A Guyanese national identified as Rudralall Baldeo found himself before a New York Judge after he pushed a grandfather off the Harlem Subway Platform in New York.
The New York Daily News reports “A grandfather critically injured in an attack by a homeless drunk on a Harlem subway platform is a churchgoing family man targeted for no apparent reason, cops and friends said Saturday.
Shou Kuan Lin, 72, remained unconscious with a skull fracture and broken collarbone 24 hours after he was shoved to the A train’s tracks as his wife watched helplessly, cops said.
“The whole family is extremely upset,” said the Chinese immigrant’s red-eyed daughter-in-law as her husband kept a bedside vigil with his sister and mother at St. Luke’s Hospital.
Lin, a retired garment factory worker, fought for his life as cops charged his white-bearded assailant with attempted murder and felony assault in the chilling Friday attack.
Suspect Rudralall Baldeo, 57, had no address and no previous arrests by the NYPD, cops said.
“He’s a homeless person who pushed a stranger onto the subway tracks with no prior provocation,” Manhattan Assistant District Attorney Christopher Lin said as Baldeo was ordered held without bail late Saturday. “The probability of death in this case is high.”
Defense attorney Edda Ness said prosecutors “don’t actually have a witness who saw (Baldeo) push the victim onto the tracks” and that the homeless man does have “community contacts” that include two sons and a wife living in the city.
Police said Lin’s stunned wife pointed Baldeo out to cops, who arrested the alleged attacker on the platform.
As the couple stood on the uptown platform, Baldeo slammed into Lin — sending the elderly man falling to the tracks below, cops said.
Good Samaritans rescued Lin from the trough before the train arrived.
“He is not out of danger,” said Eliyah Shira, pastor of the couple’s Chinatown church. “He is in the process of recovering, but he’s not really out of danger.”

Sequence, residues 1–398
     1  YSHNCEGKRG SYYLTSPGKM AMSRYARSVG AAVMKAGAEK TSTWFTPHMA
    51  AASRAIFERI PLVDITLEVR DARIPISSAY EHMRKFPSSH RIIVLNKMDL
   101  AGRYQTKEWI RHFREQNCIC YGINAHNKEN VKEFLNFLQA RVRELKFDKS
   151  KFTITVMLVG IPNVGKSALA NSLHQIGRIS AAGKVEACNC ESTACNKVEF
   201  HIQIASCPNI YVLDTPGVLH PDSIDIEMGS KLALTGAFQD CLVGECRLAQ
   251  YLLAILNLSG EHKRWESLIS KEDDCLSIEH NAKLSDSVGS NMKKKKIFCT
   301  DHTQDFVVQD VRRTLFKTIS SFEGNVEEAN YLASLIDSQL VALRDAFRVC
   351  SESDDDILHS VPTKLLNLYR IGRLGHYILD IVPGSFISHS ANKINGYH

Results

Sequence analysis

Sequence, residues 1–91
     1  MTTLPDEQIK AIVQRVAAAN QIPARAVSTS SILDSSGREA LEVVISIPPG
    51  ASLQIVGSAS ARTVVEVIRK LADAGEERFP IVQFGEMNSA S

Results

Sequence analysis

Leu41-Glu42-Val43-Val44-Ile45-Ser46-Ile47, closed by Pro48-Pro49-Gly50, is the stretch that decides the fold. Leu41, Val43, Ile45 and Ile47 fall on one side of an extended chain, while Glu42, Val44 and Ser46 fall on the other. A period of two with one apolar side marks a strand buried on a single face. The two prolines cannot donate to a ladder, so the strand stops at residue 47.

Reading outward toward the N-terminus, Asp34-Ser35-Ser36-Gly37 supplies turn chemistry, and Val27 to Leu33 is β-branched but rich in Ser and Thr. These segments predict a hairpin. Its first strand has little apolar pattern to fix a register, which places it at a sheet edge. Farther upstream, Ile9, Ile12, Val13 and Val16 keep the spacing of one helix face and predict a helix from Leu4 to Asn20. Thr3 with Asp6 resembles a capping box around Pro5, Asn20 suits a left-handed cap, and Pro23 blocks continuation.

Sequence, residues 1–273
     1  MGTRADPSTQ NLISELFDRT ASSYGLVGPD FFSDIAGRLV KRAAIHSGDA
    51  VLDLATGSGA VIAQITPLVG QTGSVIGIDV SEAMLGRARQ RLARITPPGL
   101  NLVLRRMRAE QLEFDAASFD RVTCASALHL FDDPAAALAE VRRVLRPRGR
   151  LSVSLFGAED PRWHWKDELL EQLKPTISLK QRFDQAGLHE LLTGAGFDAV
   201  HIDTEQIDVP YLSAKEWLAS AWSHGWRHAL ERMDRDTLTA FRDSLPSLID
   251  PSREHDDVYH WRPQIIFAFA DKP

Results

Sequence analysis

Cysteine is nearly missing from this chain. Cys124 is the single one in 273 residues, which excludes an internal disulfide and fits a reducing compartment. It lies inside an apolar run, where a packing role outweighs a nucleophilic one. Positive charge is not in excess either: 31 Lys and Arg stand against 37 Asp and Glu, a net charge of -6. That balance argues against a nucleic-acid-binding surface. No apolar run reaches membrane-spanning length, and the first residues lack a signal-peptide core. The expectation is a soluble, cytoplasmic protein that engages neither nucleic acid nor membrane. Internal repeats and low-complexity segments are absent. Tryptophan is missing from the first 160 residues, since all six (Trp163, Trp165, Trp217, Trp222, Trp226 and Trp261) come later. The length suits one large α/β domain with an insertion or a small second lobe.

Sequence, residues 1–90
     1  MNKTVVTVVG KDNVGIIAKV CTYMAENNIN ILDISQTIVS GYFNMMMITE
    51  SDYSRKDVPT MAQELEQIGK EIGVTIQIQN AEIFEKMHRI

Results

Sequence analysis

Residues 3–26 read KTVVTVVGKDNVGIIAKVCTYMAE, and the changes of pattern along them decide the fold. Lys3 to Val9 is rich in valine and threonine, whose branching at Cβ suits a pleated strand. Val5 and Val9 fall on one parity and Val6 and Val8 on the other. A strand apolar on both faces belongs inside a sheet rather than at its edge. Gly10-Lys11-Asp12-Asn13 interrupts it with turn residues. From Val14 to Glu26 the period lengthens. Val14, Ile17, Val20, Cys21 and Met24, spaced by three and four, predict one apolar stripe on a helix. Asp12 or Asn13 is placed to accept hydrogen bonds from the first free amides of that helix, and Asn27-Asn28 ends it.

Police sources said Baldeo professed his innocence and claimed Lin fell onto the tracks as he walked by. Baldeo even said “excuse me” as he passed Lin, the source said.
A small group of congregants from the Church of Grace joined Lin’s family in prayer at the hospital.
Lin‘s daughter-in-law said her relatives were too upset Saturday to discuss the case.
In addition to his two adult children, Lin is the grandfather of a young girl, friends said.
“They’re really friendly, nice people,” said Xinen Huang, 33, whose father was once the Lin family’s landlord in Brooklyn.
“I’m so sorry to hear what happened,” he told the Daily News. “He has a good personality.”
The family lived in Brooklyn for about a decade before moving out last year, said Huang. Lin is originally from the Fujian province on the southeast coastal region of China.
A witness to the attack ran toward the token booth, where he found police and sent them running to the platform, cops said. The wife then identified Baldeo.
Pastor Shira said the victim’s wife was “pretty strong,” and relying on her kids for support. He described the Lins as “innocent bystanders” in the wrong place at the wrong time.
“There are a lot of people that need help,” said Shira. “Psychological help, religious help is needed for these people that push down innocent people.”
Figures on city train platform shovings were unavailable Saturday night, but an MTA source said those attacks are “very rare.”
Lin is the sixth person to be shoved or thrown onto city subway tracks since the start of 2012, according to a count by The News. The number includes the deaths of Ki-Suk Han, 58, and Sunando Sen, 46, who were both hit by trains in December 2012 after being assaulted by unhinged straphangers.” (NYDAILY NEWS)